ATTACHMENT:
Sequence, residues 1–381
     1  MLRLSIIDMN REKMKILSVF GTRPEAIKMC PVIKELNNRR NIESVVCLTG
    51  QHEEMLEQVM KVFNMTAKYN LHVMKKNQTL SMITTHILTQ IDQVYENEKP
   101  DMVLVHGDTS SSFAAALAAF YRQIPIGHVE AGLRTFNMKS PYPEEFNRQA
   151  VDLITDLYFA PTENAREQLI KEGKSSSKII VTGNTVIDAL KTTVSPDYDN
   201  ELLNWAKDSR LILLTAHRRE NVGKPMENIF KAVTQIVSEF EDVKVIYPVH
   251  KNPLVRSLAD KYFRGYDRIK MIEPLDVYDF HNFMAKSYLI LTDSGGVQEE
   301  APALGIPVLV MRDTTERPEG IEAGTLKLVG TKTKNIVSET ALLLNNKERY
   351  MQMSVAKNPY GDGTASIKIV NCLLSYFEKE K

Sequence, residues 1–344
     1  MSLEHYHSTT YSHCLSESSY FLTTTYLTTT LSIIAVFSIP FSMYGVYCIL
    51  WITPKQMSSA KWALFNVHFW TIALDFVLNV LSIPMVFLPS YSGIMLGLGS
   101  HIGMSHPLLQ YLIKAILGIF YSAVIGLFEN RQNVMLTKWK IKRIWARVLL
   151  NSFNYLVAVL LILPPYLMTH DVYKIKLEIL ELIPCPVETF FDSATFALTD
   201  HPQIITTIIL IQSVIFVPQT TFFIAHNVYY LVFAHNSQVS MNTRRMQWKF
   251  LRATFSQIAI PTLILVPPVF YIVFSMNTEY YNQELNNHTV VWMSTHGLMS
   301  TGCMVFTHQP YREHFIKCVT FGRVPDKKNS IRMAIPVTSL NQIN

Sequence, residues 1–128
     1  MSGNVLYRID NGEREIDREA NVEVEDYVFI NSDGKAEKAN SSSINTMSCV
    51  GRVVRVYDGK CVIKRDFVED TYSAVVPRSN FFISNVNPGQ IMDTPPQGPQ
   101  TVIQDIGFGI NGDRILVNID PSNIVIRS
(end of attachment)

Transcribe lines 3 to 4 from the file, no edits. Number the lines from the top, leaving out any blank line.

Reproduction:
    51  QHEEMLEQVM KVFNMTAKYN LHVMKKNQTL SMITTHILTQ IDQVYENEKP
   101  DMVLVHGDTS SSFAAALAAF YRQIPIGHVE AGLRTFNMKS PYPEEFNRQA